In the flurry of discussion which appeared on Facebook following the publication a couple weeks back of Homosexual marriage: NAMBLA, it was suggested that anyone who opposed homosexual marriage opposed homosexual rights. The issue is not one of whether homosexuals should be denied rights that are available to other people; it is whether a marriage license is such a right. We might compare it to the question of whether blind people have a right to possess drivers licenses, but that may be too prejudicial an example. Instead, let's talk about another topic we have discussed here at length, gun control.
We certainly agree that there is a Constitutional right for citizens to possess guns. Let us, though, list possible rights that this might or might not include:
- A right to own standard firearms such as hunting rifles and pistols, in locked cases on your own property.
- A right for on-duty law enforcement officers (as distinct from military personnel) to carry firearms openly while on duty.
- A right of said law enforcement officers to carry firearms openly when off duty.
- Either of those rights, but with a right to carry said weapons concealed.
- A right of private security personnel to carry firearms on duty,
- or off duty, particularly in transit to work.
- A right of ordinary citizens to carry such weapons, openly,
- or concealed.
- A right to use such weapons to shoot animals for food, regulated by separate hunting licenses,
- or for sport,
- or without such regulatory licenses.
- A right to use them against pests, such as predators raiding livestock,
- or against wild animals in local areas, such as shooting squirrels or rabbits for sport.
- A right to shoot pets that stray onto your property,
- or are on public grounds unattended.
- A right to own a functional cannon, such as a decoration in a private garden,
- or a tank, if you are wealthy enough to afford one,
- and to move such artillery through public areas for display.
- A right to shoot a home invader who intends only robbery,
- or who intends bodily harm such as battery, rape, or murder,
- or to shoot an attacker in a public place.
- The right to shoot someone in a duel when challenged
- or to shoot someone who accepted a challenge to a duel.
- A right to shoot those who have harmed you physically in the past, such as a rapist or mugger who escaped.
- A right to shoot those who have harmed you non-physically in the past, such as an employer who fired you or a rival who insulted and embarrassed you.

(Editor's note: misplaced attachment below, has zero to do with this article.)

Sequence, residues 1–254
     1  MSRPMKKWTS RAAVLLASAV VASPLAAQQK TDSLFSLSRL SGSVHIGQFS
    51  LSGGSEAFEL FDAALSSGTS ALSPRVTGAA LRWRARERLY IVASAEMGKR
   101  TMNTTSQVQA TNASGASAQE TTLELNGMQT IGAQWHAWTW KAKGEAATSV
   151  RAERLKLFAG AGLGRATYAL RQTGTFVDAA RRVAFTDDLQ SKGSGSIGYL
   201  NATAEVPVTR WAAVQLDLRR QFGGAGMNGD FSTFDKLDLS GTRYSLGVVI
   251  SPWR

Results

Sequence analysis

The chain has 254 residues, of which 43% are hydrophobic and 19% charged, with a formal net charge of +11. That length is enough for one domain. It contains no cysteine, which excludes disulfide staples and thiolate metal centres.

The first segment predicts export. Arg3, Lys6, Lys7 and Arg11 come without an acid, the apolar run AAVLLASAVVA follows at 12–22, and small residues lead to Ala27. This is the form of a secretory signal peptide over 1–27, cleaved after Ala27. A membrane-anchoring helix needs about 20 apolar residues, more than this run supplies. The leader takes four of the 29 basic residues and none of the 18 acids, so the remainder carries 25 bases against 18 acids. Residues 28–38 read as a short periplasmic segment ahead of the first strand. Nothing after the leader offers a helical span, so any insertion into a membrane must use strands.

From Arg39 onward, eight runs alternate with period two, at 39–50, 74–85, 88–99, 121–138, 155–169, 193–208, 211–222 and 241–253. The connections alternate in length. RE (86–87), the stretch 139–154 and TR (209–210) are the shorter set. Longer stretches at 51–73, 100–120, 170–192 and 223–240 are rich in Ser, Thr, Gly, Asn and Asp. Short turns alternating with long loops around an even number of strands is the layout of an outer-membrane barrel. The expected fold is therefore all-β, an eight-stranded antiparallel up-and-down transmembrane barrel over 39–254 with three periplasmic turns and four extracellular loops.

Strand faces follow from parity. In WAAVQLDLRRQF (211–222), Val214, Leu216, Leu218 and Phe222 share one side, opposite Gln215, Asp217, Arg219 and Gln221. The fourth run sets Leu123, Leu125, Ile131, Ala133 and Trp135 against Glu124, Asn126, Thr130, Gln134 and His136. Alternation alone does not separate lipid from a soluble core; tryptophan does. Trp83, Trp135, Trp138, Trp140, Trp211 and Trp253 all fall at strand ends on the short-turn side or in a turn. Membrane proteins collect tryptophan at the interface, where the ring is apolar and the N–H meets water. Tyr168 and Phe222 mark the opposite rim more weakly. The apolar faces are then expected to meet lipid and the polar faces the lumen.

- A right to shoot members of religious or ethnic groups whom you believe pose a threat to society.
- A right to shoot random people for sport.
- A right to shoot children in a school.
I doubt anyone would wish to eliminate all these rights--we at least want our active duty police to have guns to deal with dangerous criminals. Nor would anyone claim that all these are indeed protected rights. But in the latter case, we are not saying that we are denying a right to someone, but rather that such a right does not exist, or does not exist for that person.
The point is that I certainly fully support the rights of homosexuals in all areas in which their homosexuality is not relevant. I even have voiced support for ordaining homosexual clergy. I do not believe there is a right for anyone to define my faith as other than I believe it is defined historically--we may progress in our understanding of truth, but truth does not itself change. Nor do I believe that there is a basic human right to be recognized by the state (or the church) as married. The state recognizes "marriages" within the scope of its regulatory authority and the needs of public policy, and cannot do so outside those parameters. (The church recognizes marriages in accordance with its understanding of the tenets of the faith and God's design for society.) You cannot marry your dog to get the tax breaks, and claim her puppies as dependent minors for the deductions, because those tax standards exist to promote families that produce children, not families that produce canines. The "legal right" to marry only exists because of government interests in children, and in their care and in inheritance law. It therefore does not exist for anyone who is definitively unable to have children. It would be unconstitutional for the state to regulate homosexual relationships that way, because there is no government interest to protect.
So let us be clear that there is a distinction between opposing the rights of homosexuals and opposing the claim that homosexual marriage is such a right. To do otherwise is make an emotional accusation that borders on defamation.